790 F.3d 289 (1st Cir. 2015), 14-1463, Carter's of New Bedford, Inc. v. Nike, Inc.
|Citation:||790 F.3d 289|
|Opinion Judge:||TORRUELLA, Circuit Judge.|
|Party Name:||CARTER'S OF NEW BEDFORD, INC., d/b/a CARTER'S CLOTHING AND FOOTWEAR, Plaintiff, Appellant, v. NIKE, INC., and NIKE USA, INC., Defendants, Appellees|
|Attorney:||Philip N. Beauregard, with whom Law Offices of Beauregard, Burke & Franco, was on brief, for appellant. Nicholas D. Stellakis, with whom Martin F. Gaynor III and Manion Gaynor & Manning LLP, were on brief, for appellees.|
|Judge Panel:||Before Lynch, Torruella, and Kayatta, Circuit Judges.|
|Case Date:||June 24, 2015|
|Court:||United States Courts of Appeals, Court of Appeals for the First Circuit|
Appellant, a family-owned retail clothing and footwear business with two stores in Massachusetts, had sold Nike footwear for approximately twenty-eight years before Nike notified Appellant that it was terminating the parties’ business relationship. Appellant sued Nike in Massachusetts state court, alleging contractual claims and a claim under Mass. Gen. Laws ch. 93A. Nike removed the suit to... (see full summary)
APPEAL FROM THE UNITED STATES DISTRICT COURT FOR THE DISTRICT OF MASSACHUSETTS. Hon. Douglas P. Woodlock, U.S. District Judge.
This case arises out of a contract dispute between Plaintiff-Appellant Carter's of New Bedford, Inc. (" Carter's" ), a family-owned retail clothing and footwear business with two stores in Massachusetts, and Defendant-Appellee Nike, Inc. (" Nike" ). In an attempt to stop Nike from terminating the parties' business relationship, Carter's filed suit in Massachusetts state court, bringing a host of contractual claims as well as a claim under Mass. Gen. Laws ch. 93A, § § 2 and 11 (" Chapter 93A" ). Nike removed the suit to federal court and then moved to dismiss under Federal Rule of Civil Procedure 12(b)(6). According to Nike, its invoices (the " Agreement" ) included a forum selection clause that regulated the relationship between it and Carter's and required the latter to bring any claim in Oregon, not Massachusetts. The district court agreed with Nike and dismissed Carter's claims. We now affirm that decision.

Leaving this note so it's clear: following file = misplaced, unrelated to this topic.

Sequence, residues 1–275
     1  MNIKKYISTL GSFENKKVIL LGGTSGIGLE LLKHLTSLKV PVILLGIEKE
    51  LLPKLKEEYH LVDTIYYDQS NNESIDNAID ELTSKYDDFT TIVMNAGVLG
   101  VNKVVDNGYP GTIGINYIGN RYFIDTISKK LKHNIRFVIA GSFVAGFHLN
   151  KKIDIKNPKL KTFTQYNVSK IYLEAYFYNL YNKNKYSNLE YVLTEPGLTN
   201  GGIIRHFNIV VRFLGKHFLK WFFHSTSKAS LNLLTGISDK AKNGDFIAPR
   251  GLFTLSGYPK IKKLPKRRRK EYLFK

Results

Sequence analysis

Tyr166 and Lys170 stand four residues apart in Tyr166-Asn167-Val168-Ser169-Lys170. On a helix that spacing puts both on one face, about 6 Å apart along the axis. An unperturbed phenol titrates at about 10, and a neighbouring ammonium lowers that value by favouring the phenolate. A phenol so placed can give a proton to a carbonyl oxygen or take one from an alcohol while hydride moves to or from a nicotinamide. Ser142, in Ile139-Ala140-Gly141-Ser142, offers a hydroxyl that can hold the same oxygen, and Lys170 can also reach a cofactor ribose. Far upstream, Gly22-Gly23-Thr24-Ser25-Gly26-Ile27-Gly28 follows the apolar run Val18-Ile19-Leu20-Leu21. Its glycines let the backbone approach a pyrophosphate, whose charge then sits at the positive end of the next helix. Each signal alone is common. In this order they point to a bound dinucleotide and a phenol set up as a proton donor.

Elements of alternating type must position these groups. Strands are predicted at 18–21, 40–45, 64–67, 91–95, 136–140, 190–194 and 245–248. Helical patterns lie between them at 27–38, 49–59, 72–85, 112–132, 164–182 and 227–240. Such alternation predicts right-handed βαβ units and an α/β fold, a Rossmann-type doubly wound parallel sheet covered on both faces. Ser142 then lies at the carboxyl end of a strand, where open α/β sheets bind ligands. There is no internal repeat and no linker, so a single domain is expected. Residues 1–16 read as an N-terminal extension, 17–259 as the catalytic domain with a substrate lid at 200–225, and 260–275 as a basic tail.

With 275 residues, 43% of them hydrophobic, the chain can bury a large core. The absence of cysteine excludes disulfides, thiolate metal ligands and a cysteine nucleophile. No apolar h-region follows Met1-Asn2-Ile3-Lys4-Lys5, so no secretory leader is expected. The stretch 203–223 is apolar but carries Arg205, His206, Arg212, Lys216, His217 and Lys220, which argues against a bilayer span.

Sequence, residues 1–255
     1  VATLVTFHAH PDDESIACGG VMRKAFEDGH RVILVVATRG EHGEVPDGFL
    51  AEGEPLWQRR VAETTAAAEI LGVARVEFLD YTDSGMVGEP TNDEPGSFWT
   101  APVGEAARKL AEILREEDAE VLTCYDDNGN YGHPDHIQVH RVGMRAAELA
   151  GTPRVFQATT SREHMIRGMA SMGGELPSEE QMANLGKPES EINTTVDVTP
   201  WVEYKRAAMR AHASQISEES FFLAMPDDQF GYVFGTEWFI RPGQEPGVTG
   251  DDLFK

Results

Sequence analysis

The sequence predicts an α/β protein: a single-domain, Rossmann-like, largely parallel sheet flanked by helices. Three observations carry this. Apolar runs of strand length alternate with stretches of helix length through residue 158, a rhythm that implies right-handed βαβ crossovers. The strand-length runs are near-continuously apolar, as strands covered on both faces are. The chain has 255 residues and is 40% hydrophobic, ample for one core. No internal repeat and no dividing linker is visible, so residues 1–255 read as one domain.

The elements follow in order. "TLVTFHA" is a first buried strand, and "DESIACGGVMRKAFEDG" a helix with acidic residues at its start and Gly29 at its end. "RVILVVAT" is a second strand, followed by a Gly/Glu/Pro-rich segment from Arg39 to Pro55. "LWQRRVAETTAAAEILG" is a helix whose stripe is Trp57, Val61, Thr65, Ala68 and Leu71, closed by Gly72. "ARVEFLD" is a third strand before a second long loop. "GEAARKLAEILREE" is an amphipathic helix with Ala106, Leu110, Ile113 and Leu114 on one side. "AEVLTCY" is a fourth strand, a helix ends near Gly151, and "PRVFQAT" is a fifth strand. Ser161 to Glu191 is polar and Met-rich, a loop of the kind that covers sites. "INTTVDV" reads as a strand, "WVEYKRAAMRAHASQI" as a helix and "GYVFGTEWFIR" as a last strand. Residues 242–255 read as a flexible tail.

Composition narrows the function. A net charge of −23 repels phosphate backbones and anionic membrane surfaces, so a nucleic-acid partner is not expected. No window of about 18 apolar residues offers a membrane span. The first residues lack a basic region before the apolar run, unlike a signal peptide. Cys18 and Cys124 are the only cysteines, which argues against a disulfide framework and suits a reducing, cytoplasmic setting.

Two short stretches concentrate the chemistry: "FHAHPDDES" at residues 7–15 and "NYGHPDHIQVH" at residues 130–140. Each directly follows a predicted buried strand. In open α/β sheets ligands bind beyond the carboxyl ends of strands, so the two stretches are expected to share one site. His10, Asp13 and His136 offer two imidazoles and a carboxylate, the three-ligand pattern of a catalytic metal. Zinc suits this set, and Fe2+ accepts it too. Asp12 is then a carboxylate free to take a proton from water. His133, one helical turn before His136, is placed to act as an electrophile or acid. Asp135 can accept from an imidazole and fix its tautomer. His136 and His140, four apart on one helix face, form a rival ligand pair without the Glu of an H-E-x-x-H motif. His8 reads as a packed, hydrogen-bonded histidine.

Carter's has sold Nike footwear for approximately twenty-eight years. Over that period, Nike products have accounted for a substantial portion of Carter's revenue. In March 2013, Nike notified Carter's that it was terminating the parties' business relationship. Carter's theorizes that Nike did so as part of a new marketing strategy that favors large national retailers over small locally-owned businesses. In an attempt to forestall Nike's termination, Carter's sued Nike in Bristol Superior Court alleging that Nike: (1) breached its Agreement with Carter's; (2) breached the implied covenant of good faith and fair dealing; (3) violated Mass. Gen. Laws ch. 106, § 2-309 (enacting the Uniform Commercial Code (" U.C.C." ) in Massachusetts), which provides a default " reasonable time" requirement for terminating agreements of successive performance with indefinite duration; and (4) violated Chapter 93A, which broadly prohibits " unfair methods of competition and unfair or deceptive acts or practices in the conduct of any trade."
Carter's recognized in its Complaint that the parties' business relationship was at least " partially defined" by Nike's invoices and appended a copy of one of these invoices, entitled " Terms and Conditions of Sale," to said Complaint. The document defines itself as " the Agreement" and establishes that " [e]ach Order, together with these Terms and Conditions and, if applicable Customer's credit application and account agreement, may be referred to collectively as the 'Agreement.'" Carter's pleaded " always hav[ing] performed its obligations under such Agreement." While the Agreement includes a clause that states that it " contains the entire agreement and understanding between the parties . . . and supersedes prior and contemporaneous oral and written agreements, commitments and understandings," Carter's Complaint did not explain whether there are any unwritten portions (prior, contemporaneous, or post-Agreement) of the parties' understandings or how exactly Nike breached those. Carter's did claim, however, that the business relationship was governed by various instructional materials and guidelines on product advertising, as well as " other customs and procedures . . . that reflect the expectations and arrangements between Nike and Carter's in conducting their business together." In addition to that, Carter's asserted that it had become a " de facto franchise" of Nike.
Therefore, Carter's argued that terminating the relationship was a breach of the implied covenant of good faith and fair dealing and that such conduct was in violation of Massachusetts law.
Once removed to federal court, Nike moved to dismiss under Federal Rule of Civil Procedure 12(b)(6). According to Nike, a forum selection clause in the Agreement required Carter's to file its claims in Oregon.1 Carter's opposed the motion, arguing that the Agreement was unconscionable and an unenforceable contract of adhesion. In support of that assertion, Carter's claimed that it did not have the opportunity to bargain, and that the Agreement unfairly...
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